Indian parliament approves creating new state despite MPs' protests

NEW DELHI Thu Feb 20, 2014 12:49pm EST

Policemen walk inside the premises of India's Parliament in New Delhi February 13, 2014. REUTERS/Adnan Abidi

Policemen walk inside the premises of India's Parliament in New Delhi February 13, 2014.

Credit: Reuters/Adnan Abidi

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NEW DELHI (Reuters) - Indian lawmakers passed a bill to create the country's 29th state on Thursday despite mayhem in parliament, as opponents made a futile last attempt to stop the upper house carving landlocked Telangana from coastal Andhra Pradesh.

Demands that the southern region be made a separate state have existed almost as long as independent India. Thursday's vote fulfils a promise made by the government in 2009, and comes just weeks before a national election in April.

Members of the upper house fighting the bill grabbed at papers, brandished signs and tried to drown out Prime Minister Manmohan Singh when he addressed the house.

Last week a lawmaker used pepper spray in the lower house in protest, but to no avail.

"After nearly 60 years of struggle, Telangana is now a reality, it is the 29th state of India. We are rejoicing and are very happy," said V Hanumantha Rao, a lawmaker from the region.

The vote passed with the support of the country's two main parties, who are usually bitterly opposed but are both seeking to build support in the south ahead of the election. The new state will have a population of around 35 million people.

The bill must now be signed by India's president to become law, a formality expected to take place in a few days.

The state capital Hyderabad, where Google, Microsoft and Dell have major sites, will remain the common capital for the two states for a period of 10 years. India's sixth largest city, it is also one of its most prosperous and a big generator of revenue.

The city, which sits within Telangana, has suffered years of strikes and sometimes violent protests for and against the creation of Telangana.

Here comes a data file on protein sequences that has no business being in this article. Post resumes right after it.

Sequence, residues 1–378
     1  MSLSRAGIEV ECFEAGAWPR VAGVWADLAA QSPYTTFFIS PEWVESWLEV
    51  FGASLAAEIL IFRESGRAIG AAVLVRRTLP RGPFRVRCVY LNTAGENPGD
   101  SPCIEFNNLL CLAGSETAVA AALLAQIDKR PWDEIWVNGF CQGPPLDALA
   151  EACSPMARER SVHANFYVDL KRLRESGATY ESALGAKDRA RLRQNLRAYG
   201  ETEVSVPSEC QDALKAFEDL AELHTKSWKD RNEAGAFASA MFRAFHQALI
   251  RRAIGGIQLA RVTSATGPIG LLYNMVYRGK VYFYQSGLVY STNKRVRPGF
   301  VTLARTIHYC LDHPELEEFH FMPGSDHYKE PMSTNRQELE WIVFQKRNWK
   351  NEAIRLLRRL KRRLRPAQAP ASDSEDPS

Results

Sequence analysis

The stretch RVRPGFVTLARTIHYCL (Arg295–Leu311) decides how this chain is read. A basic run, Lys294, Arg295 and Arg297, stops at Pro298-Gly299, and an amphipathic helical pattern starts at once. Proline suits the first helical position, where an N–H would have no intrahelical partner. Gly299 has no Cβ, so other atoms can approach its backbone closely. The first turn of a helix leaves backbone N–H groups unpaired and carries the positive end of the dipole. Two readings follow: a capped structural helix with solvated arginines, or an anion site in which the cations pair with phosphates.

Prime Minister Singh offered a "special category" for the remaining rump of Andhra Pradesh for five years aimed at promoting industrial development.

He also offered tax incentives for both Andhra and Telangana, even as angry lawmakers shouted "tear up the bill and throw it". Supporters of Telangana say the region's economic development has been neglected in favor of the richer and more powerful coastal region.

India carved out three new states in 2000, and the creation of Telangana could revive statehood demands in other regions.

Hyderabad was a princely state when India won freedom from British rule in 1947 and it resisted joining the Indian republic for a year.

The Congress party, which proposed the bill and leads a coalition government, hopes to get the majority of seats in Telangana, which accounts for 17 seats in parliament, because of gratitude from residents for statehood.

The passage of the bill put Andhra Pradesh chief minister Kiran Kumar Reddy in an awkward position, who is a Congress leader but also a legislator whose constituents are opposed to the bill. He announced his resignation earlier in the week to protest against "the injustice done to the Telugu people".

"Political parties have messed up Andhra Pradesh state because of trying to politicize this decision. It is not correct. This decision is wrong," he told CNN-IBN channel.

(Reporting by Sruthi Gottipati and Nigam Prusty; Writing by Frank Jack Daniel; Editing by Alison Williams)

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